First Reformed, 2018.
Written and Directed by Paul Schrader.
Starring Ethan Hawke, Amanda Seyfried, Cedric the Entertainer, Philip Ettinger, Michael Gaston, Victoria Hill, and Van Hansis.
A former military chaplain is wracked by grief over the death of his son. Mary is a member of his church whose husband, a radical environmentalist, commits suicide, setting the plot in motion.
Hope and despair is the equivalent to the metaphorically persuasive angel and the devil on the shoulders of one of God’s lonely souls, a pastor at the titular First Reformed church. The establishment is about to celebrate its 250th anniversary regardless of the fact that attendance has gone the way of the dodo (among other things like the organ not working and needing replacement parts) and is now more of a small tourist attraction, but it’s still something Toller (Ethan Hawke continuing a string of challenging performances, this time in a highly nuanced and artsy role demanding him to convey a morally and ideologically conflicted religious type hanging on to faith by a thread, battling the sickness inside him threatening to emerge) is passionate about, possibly to the point of obsession considering he now appears to live as a socially distant recluse ever since the death of his son during the Iraq war (something that also strained his marriage to the point of killing it) which he feels partly responsible for as a once patriotic man that influenced the decision.
As a form of meditation, Toller decides to keep a journal for the exact length of one year, which is supposed to be a process to help him maintain his dwindling faith in the face of failing health (he regularly urinates blood) on top of his tragic personal history. The problem, and brilliance to the credit of writer and director Paul Schrader (the masterful Martin Scorsese collaborator here putting together his best project in what feels like forever), is that this attempt at self-healing actually slowly begins to further his own self-destruction.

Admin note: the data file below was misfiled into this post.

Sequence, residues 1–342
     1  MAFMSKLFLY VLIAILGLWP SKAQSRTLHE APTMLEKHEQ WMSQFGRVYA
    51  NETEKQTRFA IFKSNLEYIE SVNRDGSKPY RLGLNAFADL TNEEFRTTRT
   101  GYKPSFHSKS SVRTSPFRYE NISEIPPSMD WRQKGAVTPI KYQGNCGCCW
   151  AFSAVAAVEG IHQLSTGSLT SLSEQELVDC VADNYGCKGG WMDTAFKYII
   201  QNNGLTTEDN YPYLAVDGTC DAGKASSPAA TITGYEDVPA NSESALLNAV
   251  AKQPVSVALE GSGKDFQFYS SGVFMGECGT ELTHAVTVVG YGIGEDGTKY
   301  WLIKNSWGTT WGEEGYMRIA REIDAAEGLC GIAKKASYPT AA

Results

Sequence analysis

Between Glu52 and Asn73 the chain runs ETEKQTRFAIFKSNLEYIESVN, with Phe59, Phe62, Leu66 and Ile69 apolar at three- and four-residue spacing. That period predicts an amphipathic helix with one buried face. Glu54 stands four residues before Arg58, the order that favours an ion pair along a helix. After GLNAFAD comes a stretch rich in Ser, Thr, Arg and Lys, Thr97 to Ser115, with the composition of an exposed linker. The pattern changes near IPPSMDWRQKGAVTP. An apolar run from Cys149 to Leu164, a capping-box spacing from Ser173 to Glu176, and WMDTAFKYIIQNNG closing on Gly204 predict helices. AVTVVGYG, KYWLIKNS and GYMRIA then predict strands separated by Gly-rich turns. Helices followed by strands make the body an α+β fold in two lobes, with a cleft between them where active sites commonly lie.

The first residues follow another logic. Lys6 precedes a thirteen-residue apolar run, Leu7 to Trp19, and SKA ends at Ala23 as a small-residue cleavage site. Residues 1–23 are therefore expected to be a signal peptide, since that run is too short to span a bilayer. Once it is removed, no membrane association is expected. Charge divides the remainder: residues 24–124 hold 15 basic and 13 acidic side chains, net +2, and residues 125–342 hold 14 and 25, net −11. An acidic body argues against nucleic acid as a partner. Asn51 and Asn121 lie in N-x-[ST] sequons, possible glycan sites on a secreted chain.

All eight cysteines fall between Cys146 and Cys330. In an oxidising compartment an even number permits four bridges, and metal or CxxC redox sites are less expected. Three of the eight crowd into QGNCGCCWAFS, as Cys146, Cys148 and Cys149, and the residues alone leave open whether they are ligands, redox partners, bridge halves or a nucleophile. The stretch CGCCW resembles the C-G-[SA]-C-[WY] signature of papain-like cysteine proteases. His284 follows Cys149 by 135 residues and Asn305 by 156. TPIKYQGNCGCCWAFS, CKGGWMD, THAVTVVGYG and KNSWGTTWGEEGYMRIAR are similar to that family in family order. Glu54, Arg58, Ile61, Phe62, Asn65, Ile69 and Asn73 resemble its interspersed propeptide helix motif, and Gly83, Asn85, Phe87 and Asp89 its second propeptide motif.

Not helping the situation is a woman named Mary (an environmental activist played by a stressed and strung-out pregnant Amanda Seyfried putting in some of the best work of her career as well) who asks Toller to speak to her husband who, while shares similar stances, leans on the radical side and is against bringing a child into a world that he believes will become extinct at some point within his offspring’s adulthood; in other words, he wants Mary to get an abortion. What ensues is a tightly scripted back and forth debate (easily one of the best scenes in the film), but the situation drastically grows more concerning when a suicide vest is located in the garage.
Not to give anything away, but the bomb obviously plays a major part in the ending and Toller’s general collapse of sanity and right and wrong, but things do not play out in any predictable way. Sure, it’s a little frustrating going through a second act, that while is definitely filled with moments of charged politics along with an inviting discussion on important topics such as climate change, seems to make audiences wait and wait with slow burn anticipation as to if this suicide vest will be used or not, the ending is astonishingly beautiful and one hell of a fever dream accomplishment that blurs the line between reality and fiction. It also brings out the idea that hope can be found in love, which I believe is something everyone can get behind.
Along the way is a stylized fantasy sequence encapsulating some stunning photography, but it’s unfortunate that there isn’t more artistic experimentation like it. The diary allows for Toller’s narration to feel natural and place us into the mind on the verge of destruction, and the closing moments express the sensation of good and evil representatives beating the crap out of each other inside Toller, but it feels like Paul Schrader doesn’t really get First Reformed firing on all cylinders until the last act. Either way, it’s thoughtfully riveting for some career-best performances. To be fair, the closing shot alone is worth the price of admission.
Flickering Myth Rating – Film: ★ ★ ★ ★ / Movie: ★ ★ ★ ★
Robert Kojder is a member of the Chicago Film Critics Association and the Flickering Myth Reviews Editor. Check here for new reviews, friend me on Facebook, follow my Twitter or Letterboxd, check out my personal non-Flickering Myth affiliated Patreon, or email me at MetalGearSolid719@gmail.com